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Third Period: 1876.




Helena’s Diary Resumed

While my father remains in his present helpless condition, somebody must assume a position of command in this house. There cannot be a moment’s doubt that I am the person to do it.

In my agitated state of mind, sometimes doubtful of Philip, sometimes hopeful of him, I find Mrs. Tenbruggen simply unendurable. A female doctor is, under any circumstances, a creature whom I detest. She is, at her very best, a bad imitation of a man. The Medical Rubber is worse than this; she is a bad imitation of a mountebank. Her grinning good-humour, adopted no doubt to please the fools who are her patients, and her impudent enjoyment of hearing herself talk, make me regret for the first time in my life that I am a young lady. If I belonged to the lowest order of the population, I might take the first stick I could find, and enjoy the luxury of giving Mrs. Tenbruggen a good beating.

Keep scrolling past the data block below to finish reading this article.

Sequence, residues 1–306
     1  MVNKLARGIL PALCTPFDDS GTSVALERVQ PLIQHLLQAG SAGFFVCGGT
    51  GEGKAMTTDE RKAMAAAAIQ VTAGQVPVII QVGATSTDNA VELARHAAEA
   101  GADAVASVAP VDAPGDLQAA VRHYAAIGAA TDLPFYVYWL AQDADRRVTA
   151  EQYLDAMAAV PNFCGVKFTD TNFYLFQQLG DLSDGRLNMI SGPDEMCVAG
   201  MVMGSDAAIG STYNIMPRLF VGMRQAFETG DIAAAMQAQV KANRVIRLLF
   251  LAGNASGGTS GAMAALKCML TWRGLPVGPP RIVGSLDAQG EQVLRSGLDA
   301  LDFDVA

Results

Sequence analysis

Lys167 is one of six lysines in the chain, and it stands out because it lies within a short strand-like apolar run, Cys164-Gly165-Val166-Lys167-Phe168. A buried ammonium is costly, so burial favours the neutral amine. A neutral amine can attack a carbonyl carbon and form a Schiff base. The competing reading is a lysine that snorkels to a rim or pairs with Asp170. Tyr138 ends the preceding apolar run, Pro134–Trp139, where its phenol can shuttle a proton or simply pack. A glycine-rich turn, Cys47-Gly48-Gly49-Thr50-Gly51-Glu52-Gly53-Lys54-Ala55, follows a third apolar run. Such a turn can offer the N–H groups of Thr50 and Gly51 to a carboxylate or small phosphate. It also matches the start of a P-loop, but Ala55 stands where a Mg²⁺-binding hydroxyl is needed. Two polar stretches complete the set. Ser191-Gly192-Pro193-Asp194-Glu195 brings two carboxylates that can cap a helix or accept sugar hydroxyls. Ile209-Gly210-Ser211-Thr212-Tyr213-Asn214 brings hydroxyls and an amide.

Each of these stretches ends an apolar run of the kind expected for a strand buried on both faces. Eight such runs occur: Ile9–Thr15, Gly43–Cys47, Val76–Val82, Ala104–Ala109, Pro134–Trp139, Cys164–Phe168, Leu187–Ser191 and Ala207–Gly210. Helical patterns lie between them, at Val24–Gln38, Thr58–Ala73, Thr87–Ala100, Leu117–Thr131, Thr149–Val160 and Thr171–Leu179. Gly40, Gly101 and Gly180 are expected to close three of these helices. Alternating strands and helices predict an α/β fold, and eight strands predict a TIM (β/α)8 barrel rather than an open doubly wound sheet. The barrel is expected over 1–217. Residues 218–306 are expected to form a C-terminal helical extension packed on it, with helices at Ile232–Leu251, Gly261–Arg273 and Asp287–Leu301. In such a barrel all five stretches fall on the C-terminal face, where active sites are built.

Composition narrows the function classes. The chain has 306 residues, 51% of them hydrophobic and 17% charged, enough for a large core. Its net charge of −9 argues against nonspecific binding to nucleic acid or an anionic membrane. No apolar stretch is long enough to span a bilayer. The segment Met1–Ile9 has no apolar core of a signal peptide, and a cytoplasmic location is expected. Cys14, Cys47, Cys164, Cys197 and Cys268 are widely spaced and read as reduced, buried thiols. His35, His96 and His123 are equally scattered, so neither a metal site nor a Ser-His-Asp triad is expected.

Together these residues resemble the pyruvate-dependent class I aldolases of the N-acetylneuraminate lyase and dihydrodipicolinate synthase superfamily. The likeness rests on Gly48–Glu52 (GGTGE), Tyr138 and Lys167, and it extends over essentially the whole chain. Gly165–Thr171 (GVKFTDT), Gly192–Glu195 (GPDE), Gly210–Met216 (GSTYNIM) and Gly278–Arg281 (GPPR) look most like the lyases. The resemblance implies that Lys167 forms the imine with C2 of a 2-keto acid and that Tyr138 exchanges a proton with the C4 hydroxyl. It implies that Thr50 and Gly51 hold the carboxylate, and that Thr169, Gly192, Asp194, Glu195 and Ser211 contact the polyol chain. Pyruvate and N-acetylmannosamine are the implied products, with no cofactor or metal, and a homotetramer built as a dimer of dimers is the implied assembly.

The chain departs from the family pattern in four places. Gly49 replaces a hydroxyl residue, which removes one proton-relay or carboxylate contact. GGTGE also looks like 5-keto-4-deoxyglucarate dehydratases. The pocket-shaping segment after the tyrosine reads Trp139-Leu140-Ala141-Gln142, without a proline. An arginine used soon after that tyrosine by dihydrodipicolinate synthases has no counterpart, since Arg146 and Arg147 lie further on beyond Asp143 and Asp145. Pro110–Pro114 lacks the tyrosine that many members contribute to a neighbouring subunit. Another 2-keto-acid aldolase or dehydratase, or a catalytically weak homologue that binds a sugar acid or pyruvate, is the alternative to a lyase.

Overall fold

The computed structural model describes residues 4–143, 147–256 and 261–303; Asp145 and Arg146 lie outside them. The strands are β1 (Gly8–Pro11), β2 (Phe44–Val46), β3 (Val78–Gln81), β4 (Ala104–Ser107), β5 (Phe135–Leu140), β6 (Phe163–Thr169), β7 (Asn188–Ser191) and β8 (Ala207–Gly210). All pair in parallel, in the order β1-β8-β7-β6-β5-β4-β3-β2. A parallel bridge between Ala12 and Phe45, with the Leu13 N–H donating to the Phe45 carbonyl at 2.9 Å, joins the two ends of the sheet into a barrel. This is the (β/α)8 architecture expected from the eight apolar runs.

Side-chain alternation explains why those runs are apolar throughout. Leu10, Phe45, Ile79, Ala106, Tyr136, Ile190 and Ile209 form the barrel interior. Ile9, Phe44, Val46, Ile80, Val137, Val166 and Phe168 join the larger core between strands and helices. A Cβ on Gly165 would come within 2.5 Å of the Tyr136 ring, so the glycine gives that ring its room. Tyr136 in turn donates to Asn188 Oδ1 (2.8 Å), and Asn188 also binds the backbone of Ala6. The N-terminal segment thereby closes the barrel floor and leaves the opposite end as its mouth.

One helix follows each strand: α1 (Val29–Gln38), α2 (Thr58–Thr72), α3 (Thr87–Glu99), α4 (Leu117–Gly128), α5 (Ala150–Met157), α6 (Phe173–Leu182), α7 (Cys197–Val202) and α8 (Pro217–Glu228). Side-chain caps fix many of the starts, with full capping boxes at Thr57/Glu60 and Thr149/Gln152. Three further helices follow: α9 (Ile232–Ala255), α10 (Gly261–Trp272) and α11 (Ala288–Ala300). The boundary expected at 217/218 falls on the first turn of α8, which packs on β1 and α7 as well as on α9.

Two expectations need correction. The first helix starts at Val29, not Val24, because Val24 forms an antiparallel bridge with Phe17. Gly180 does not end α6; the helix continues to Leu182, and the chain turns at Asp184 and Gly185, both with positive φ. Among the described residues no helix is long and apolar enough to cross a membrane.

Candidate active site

She literally haunts the house, encouraged, of course, by her wretched little dupe, Miss Jillgall. Only this morning, I tried what a broad hint would do toward suggesting that her visits had better come to an end.

“Really, Mrs. Tenbruggen,” I said, “I must request Miss Jillgall to moderate her selfish enjoyment of your company, for your own sake. Your time is too valuable, in a professional sense, to be wasted on an idle woman who has no sympathy with your patients, waiting for relief perhaps, and waiting in vain.”

She listened to this, all smiles and good-humour: “My dear, do you know how I might answer you, if I was an ill-natured woman?”

“I have no curiosity to hear it, Mrs. Tenbruggen.”